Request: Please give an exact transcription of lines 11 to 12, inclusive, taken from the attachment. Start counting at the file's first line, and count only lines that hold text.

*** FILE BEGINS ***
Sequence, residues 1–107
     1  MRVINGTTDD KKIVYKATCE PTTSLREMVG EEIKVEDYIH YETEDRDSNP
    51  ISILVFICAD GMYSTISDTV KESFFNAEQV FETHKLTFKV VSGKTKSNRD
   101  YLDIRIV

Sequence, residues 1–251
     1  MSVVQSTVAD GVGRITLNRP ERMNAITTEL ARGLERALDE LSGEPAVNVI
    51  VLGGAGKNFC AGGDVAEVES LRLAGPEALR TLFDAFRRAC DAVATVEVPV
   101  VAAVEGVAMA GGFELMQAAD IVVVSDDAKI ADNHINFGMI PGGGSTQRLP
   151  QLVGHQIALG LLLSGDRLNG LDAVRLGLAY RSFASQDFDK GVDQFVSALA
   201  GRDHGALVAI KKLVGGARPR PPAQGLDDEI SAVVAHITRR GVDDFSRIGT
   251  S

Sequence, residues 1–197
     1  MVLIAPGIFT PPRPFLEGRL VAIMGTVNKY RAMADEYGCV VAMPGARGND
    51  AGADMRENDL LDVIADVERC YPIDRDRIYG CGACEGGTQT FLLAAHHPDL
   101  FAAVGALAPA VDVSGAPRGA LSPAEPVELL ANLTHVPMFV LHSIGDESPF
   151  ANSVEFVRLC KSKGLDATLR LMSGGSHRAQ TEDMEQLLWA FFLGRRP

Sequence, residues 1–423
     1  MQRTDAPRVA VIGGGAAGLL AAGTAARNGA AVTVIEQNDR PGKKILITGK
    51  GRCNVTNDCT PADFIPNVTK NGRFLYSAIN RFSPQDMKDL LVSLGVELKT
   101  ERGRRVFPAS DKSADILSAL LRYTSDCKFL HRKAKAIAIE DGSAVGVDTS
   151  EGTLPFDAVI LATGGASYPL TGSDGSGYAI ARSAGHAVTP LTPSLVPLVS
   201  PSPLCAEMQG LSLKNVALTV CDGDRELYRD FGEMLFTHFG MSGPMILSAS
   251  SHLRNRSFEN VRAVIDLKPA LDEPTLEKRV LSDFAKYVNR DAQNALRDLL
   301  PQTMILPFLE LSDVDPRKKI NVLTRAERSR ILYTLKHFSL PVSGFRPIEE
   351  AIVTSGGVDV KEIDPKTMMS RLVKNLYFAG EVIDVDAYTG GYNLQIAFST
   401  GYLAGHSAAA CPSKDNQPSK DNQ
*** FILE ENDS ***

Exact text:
   251  S

Sequence, residues 1–197